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Adjusting to the Pass/No-Fail of Lent When I’m Used to All “A”s


Leah Libresco Sargeant - published on 02/18/16

An overachiever’s lesson in letting go

I thought maybe I’d found a Lenten sacrifice cheat sheet this winter when I was reading The Journals of Father Alexander Schmemann, 1973-1983. In an entry dated Tuesday, Jan. 20, 1981, Fr. Schmemann considers what instructions he would give someone eager to be part of a monastic revival. He lays out a rule of daily living:

  • always go to the same church, and try to be a real helper, not by lecturing about spiritual life or icons, not by teaching but with a “dust rag” (cf. St. Seraphim of Sarov). Keep at that kind of service and be — in church matters — totally obedient to the parish priest;
  • do not thrust yourself and your service on anyone; do not be sad that your talents are not being used; be helpful; serve where you are needed and not where you think you are needed;
  • if friends and acquaintances invite you because they are close to you, go, but not too often and within reason. Never stay more than one and a half or two hours. After that the friendliest atmosphere becomes harmful;
  • be always simple, light, joyous. Do not teach. Avoid like the plague any “spiritual” conversations and any religious or churchly idle talk. If you act that way, everything will be to your benefit.

And I duly dog-eared the page, wondering if I should take some or all of the advice. I wasn’t particularly interested in monasticism, but I figured that some of his strictures might be appropriate for Lent, or even just for my life throughout the year.

I wanted to find something to give up, or some rule to follow, because as a (still fairly new!) convert, I can have a tendency to feel somewhat unsettled in the faith. Sometimes it’s a long stretch from Sunday to Sunday, and even though I’m keeping up with some daily prayers, it feels more like I’m being Catholic on the side, like I’m not really inviting God into the whole of my life.

In truth, I wasn’t attracted to Fr. Schmemann’s prescriptions because I thought they stood a good chance of opening my whole day to Christ; I liked them because they were a little extreme and a lot emphatic. They felt like they might be enough.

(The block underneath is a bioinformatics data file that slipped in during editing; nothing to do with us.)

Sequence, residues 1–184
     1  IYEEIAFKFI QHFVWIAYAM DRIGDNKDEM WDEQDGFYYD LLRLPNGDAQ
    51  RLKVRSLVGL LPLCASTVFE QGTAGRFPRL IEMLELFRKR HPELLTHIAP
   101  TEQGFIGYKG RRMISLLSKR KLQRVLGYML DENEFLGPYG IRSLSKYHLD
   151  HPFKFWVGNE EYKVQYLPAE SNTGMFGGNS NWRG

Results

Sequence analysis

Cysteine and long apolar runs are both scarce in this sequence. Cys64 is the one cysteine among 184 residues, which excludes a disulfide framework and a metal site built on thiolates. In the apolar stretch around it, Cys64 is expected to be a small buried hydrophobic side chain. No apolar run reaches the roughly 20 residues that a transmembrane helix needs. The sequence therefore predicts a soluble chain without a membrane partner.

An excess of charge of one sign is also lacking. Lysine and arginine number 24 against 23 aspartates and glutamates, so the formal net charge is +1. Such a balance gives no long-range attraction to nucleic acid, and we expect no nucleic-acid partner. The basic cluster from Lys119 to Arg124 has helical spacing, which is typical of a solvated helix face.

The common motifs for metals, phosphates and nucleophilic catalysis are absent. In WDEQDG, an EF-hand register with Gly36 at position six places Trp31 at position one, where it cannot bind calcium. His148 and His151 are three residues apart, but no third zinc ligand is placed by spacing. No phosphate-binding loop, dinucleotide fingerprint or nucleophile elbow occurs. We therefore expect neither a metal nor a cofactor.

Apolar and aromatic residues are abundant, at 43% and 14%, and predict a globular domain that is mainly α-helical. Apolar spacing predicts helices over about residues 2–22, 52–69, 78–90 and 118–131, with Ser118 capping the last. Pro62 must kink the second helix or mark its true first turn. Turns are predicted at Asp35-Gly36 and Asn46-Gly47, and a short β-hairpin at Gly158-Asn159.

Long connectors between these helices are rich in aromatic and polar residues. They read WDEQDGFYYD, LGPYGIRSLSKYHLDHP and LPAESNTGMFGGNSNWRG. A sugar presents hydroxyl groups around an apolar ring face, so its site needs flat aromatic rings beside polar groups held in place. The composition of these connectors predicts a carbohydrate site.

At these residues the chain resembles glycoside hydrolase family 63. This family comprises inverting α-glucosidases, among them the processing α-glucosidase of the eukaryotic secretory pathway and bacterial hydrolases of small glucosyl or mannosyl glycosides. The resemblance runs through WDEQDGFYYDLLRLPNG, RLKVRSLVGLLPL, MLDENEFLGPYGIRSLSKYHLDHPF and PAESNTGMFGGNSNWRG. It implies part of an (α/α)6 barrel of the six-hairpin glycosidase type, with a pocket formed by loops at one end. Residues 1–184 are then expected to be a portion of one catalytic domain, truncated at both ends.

Trying to make sure I’ve done my duty by God is, of course, the opposite of cultivating openness to him and what he might ask of me. For me, seeking out an aggressive prayer rule is usually a way of compartmentalizing my spiritual life, reducing it to something I can accomplish every day, in the same way I check off my daily French practice or anything else on my to-do list.

All I have to do is flip back to Fr. Schmemann’s list to see how wrongheaded that is. Right there, in the passage I marked, he warns, “serve where you are needed and not where you think you are needed.” Or, as Eve Tushnet, author of Amends, tends to put it: “The sacrifices you want to make aren’t always the only sacrifices God wants.”

What I need, in Lent or at any other time, isn’t just a checklist of good works and relinquishments but a sensitivity to the needs of others, and to the guidance of God, so I can be ready to move when He moves me, so that I won’t miss opportunities to give or receive mercy because I’m all “squared away for the day.”

The closest I can get to that, in the Lenten rules I wind up setting for myself, is picking something like giving up jaywalking or setting a bedtime. Something that forces me to acknowledge limits. I can’t actually stay up as late as I want and, by so doing, create infinite time for myself. I don’t always have the right of way, on the street or anywhere else, just because I’ve found a clever way around other people.

I hope these kinds of relinquishments of time will bear some kind of fruit, but I suspect that the best reward I could receive from these small sacrifices will be the chance to respond to calls I haven’t planned and scheduled.

This Lent, I hope I do a good job keeping to the commitments I made (though I did jaywalk at the very first intersection on my way to Ash Wednesday’s Mass because I’d forgotten not to), but more than that, I want to respond to any sacrifices God quietly calls me to make, or gifts he invites me to accept. For these 40 days, I don’t want to get too wrapped up in making sure I’ve followed the rules and miss the chance to follow Christ.

Leah Libresco is the author of Arriving at Amen: Seven Catholic Prayers That Even I Can Offerand writes about Catholicism for Patheos at Unequally Yoked.

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